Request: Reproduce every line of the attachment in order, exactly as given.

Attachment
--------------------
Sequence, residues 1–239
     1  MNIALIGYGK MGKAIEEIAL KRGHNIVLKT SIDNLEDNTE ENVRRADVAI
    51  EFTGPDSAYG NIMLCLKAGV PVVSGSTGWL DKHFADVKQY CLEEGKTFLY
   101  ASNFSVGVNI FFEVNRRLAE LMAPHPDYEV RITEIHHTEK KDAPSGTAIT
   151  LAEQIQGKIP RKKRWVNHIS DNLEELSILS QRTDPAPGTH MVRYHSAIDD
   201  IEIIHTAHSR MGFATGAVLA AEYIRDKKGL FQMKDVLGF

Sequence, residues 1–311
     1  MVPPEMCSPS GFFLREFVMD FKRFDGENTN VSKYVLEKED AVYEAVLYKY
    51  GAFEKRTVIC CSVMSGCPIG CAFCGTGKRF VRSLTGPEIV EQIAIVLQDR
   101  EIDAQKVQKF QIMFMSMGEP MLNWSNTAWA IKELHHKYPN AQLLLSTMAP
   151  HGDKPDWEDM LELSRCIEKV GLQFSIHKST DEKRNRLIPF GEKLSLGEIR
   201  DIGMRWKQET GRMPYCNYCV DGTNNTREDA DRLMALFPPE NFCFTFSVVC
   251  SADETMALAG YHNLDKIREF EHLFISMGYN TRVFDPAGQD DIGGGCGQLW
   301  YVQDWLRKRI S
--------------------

Sequence, residues 1–239
     1  MNIALIGYGK MGKAIEEIAL KRGHNIVLKT SIDNLEDNTE ENVRRADVAI
    51  EFTGPDSAYG NIMLCLKAGV PVVSGSTGWL DKHFADVKQY CLEEGKTFLY
   101  ASNFSVGVNI FFEVNRRLAE LMAPHPDYEV RITEIHHTEK KDAPSGTAIT
   151  LAEQIQGKIP RKKRWVNHIS DNLEELSILS QRTDPAPGTH MVRYHSAIDD
   201  IEIIHTAHSR MGFATGAVLA AEYIRDKKGL FQMKDVLGF

Sequence, residues 1–311
     1  MVPPEMCSPS GFFLREFVMD FKRFDGENTN VSKYVLEKED AVYEAVLYKY
    51  GAFEKRTVIC CSVMSGCPIG CAFCGTGKRF VRSLTGPEIV EQIAIVLQDR
   101  EIDAQKVQKF QIMFMSMGEP MLNWSNTAWA IKELHHKYPN AQLLLSTMAP
   151  HGDKPDWEDM LELSRCIEKV GLQFSIHKST DEKRNRLIPF GEKLSLGEIR
   201  DIGMRWKQET GRMPYCNYCV DGTNNTREDA DRLMALFPPE NFCFTFSVVC
   251  SADETMALAG YHNLDKIREF EHLFISMGYN TRVFDPAGQD DIGGGCGQLW
   301  YVQDWLRKRI S